COVID-19 Well-Being Toolkit and Resources
We are thinking about you and others in our global community during the current COVID-19 pandemic. We hope you are staying safe. This toolkit has a list of resources to support well-being during this trying time.
If you are concerned for your physical safety, please visit the CDC's website if you're in the United States and the World Health Organization's website if you're outside of the United States. If you're experiencing a mental health crisis and are in the United States, please call the National Alliance on Mental Illness 24 hour helpline at 1-800-950-6264.
COVID-19 is not specific to an ethnicity or race — disease does not discriminate. Racist behaviors or stereotyping are not tolerated at the University of Wisconsin–Madison. If you are a member of the UW–Madison community and experience harassment or discrimination, you are encouraged to file a bias incident report (for students) or a complaint with the Office of Compliance (for employees).
Resources for Specific Communities
Resources for Families, Kids and College Students
Awareness Practice for Kids
In this practice, lead by Center Founder and Director Richard Davidson, kids can learn a technique to cultivate their attention through being aware of their senses.
Finger Tracing Practice for Kids
Center well-being expert Chad McGehee shares a mindfulness-based practice to help kids calm the mind.
Being Mindful During a 'Thought Parade'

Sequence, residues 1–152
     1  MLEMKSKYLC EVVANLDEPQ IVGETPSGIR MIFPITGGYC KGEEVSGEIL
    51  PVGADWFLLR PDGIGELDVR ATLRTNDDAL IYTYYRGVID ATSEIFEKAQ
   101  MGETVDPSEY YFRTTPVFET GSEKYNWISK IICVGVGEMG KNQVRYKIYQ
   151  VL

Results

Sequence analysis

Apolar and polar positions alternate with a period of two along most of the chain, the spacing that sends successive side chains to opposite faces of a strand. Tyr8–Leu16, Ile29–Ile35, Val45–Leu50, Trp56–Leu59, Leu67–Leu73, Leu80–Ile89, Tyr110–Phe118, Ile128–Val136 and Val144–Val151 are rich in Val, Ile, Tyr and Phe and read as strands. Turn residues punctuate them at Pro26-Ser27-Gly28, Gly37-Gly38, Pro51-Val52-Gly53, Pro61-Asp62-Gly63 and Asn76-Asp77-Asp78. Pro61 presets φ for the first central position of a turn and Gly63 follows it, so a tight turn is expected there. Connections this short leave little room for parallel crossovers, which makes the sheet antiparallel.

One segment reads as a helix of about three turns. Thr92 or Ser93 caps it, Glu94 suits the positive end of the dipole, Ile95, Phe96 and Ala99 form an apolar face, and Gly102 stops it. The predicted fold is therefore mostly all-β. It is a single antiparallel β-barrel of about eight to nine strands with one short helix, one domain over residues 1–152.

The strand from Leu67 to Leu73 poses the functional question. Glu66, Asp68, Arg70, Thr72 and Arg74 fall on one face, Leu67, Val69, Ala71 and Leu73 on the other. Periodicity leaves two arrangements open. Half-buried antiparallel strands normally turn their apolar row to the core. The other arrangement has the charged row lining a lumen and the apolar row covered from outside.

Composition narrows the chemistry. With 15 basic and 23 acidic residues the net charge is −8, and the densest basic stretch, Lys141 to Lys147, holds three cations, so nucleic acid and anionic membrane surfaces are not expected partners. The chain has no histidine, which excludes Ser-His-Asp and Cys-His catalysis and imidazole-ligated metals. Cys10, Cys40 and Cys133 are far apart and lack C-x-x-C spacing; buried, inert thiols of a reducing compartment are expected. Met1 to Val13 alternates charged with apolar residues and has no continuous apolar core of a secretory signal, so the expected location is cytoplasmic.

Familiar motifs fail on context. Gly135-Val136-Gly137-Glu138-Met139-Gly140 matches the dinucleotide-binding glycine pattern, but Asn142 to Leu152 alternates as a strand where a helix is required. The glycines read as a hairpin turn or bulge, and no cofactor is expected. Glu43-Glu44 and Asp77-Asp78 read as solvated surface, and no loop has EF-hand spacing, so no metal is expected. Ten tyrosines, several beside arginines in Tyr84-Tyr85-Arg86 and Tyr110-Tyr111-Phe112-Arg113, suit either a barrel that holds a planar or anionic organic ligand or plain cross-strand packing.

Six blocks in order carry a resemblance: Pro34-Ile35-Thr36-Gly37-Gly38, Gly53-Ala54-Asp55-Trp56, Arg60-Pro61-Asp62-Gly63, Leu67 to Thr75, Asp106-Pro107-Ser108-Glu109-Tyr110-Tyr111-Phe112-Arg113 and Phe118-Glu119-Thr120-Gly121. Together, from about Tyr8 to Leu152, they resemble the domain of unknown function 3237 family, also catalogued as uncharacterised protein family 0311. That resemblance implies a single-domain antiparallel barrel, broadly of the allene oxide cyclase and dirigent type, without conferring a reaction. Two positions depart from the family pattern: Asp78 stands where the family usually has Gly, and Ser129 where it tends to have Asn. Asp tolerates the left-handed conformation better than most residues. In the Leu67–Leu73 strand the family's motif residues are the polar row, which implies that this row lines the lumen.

McGehee shares strategies for young adults on how to relate to our flurry of thoughts with a more mindful attitude.
More Well-Being, Decoded
Learn the latest from our research, see recent media mentions and experience some of the practices we study.
Healthy Minds in Practice: Appreciating Friends and Loved Ones
This 10-minute practice guides you through focusing on the positive qualities of your loved ones as a way to feel more connected to them and more appreciative of the impact they have on your life.
Six Ways to Support Children’s Well-Being During the Pandemic
Recently, Center for Healthy Minds faculty Sarah Short and Julie Poehlmann-Tynan shared their expertise for the virtual event The World We Make 2020, discussing the importance of nurturing the development of healthy minds in our children. In this article, we share insights from that discussion.
Healthy Minds in Practice: Invisible Forces
This 10-minute practice uses self-inquiry to help us see the attitudes, stereotypes and other hidden biases that shape our thoughts and emotions.
Healthy Minds in Practice: Tonglen for Eco-Anxiety
Eco-anxiety is fear and distress regarding the environmental and climate crises we face today. Tonglen is a Tibetan Buddhist meditation practice that focuses on giving and receiving, and can be particularly helpful when dealing with eco-anxiety and climate despair. Dekila Chungyalpa, Director of the Loka Initiative, shares a nine-minute practice designed to transform your eco-anxiety into the motivation to heal others.
Healthy Minds in Practice: Interdependence With Nature
Reawakening a sense of connection to all beings on the earth is a way to feel part of something bigger, and can help enhance awareness as we notice the ways in which our lives are deeply connected with everything on the planet. Dekila Chungyalpa, Director of the Loka Initiative, shares a five-minute practice designed to strengthen your experience of interconnectedness with the natural world using breath and awareness.